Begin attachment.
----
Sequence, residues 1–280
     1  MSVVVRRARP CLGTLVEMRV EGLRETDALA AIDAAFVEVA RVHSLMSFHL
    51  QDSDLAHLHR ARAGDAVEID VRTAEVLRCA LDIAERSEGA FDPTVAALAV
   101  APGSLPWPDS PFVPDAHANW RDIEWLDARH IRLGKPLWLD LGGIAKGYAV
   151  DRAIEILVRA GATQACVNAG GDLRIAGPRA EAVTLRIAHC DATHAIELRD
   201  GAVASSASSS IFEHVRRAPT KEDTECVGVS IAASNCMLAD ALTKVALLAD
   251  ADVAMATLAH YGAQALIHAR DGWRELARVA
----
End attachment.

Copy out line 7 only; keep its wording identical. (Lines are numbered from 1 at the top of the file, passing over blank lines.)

   251  ADVAMATLAH YGAQALIHAR DGWRELARVA